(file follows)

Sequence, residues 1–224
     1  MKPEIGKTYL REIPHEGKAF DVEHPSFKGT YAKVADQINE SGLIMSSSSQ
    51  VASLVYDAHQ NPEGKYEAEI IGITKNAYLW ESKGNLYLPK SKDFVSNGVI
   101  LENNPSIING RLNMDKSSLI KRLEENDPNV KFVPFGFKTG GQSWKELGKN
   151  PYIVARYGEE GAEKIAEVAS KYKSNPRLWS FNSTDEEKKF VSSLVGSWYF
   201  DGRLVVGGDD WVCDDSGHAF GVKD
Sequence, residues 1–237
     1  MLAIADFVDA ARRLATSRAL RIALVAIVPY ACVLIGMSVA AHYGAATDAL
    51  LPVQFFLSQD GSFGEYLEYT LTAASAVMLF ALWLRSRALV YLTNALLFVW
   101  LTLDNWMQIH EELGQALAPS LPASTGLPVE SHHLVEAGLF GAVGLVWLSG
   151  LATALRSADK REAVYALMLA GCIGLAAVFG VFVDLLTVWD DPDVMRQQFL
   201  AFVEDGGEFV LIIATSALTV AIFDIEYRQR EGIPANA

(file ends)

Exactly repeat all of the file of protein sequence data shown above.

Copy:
Sequence, residues 1–224
     1  MKPEIGKTYL REIPHEGKAF DVEHPSFKGT YAKVADQINE SGLIMSSSSQ
    51  VASLVYDAHQ NPEGKYEAEI IGITKNAYLW ESKGNLYLPK SKDFVSNGVI
   101  LENNPSIING RLNMDKSSLI KRLEENDPNV KFVPFGFKTG GQSWKELGKN
   151  PYIVARYGEE GAEKIAEVAS KYKSNPRLWS FNSTDEEKKF VSSLVGSWYF
   201  DGRLVVGGDD WVCDDSGHAF GVKD
Sequence, residues 1–237
     1  MLAIADFVDA ARRLATSRAL RIALVAIVPY ACVLIGMSVA AHYGAATDAL
    51  LPVQFFLSQD GSFGEYLEYT LTAASAVMLF ALWLRSRALV YLTNALLFVW
   101  LTLDNWMQIH EELGQALAPS LPASTGLPVE SHHLVEAGLF GAVGLVWLSG
   151  LATALRSADK REAVYALMLA GCIGLAAVFG VFVDLLTVWD DPDVMRQQFL
   201  AFVEDGGEFV LIIATSALTV AIFDIEYRQR EGIPANA